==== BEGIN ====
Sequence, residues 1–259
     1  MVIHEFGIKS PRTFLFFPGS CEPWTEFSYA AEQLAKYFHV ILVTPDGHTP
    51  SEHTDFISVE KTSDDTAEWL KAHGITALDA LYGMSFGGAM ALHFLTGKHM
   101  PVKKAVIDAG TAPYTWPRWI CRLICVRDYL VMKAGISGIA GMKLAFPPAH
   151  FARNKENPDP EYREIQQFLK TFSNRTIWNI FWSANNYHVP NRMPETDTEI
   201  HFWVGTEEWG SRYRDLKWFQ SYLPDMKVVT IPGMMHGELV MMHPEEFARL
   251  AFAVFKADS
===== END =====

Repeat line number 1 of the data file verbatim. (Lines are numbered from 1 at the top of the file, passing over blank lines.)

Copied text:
Sequence, residues 1–259